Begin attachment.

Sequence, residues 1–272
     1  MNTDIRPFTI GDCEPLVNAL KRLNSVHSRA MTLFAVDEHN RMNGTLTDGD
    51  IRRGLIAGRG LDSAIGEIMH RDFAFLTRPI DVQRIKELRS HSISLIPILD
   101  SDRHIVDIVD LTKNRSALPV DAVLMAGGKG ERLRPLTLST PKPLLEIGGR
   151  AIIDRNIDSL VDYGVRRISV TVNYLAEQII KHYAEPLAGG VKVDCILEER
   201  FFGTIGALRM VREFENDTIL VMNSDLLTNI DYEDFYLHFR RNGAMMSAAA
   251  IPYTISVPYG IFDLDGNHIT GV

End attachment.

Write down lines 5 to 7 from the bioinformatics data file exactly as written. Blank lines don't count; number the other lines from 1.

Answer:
   151  AIIDRNIDSL VDYGVRRISV TVNYLAEQII KHYAEPLAGG VKVDCILEER
   201  FFGTIGALRM VREFENDTIL VMNSDLLTNI DYEDFYLHFR RNGAMMSAAA
   251  IPYTISVPYG IFDLDGNHIT GV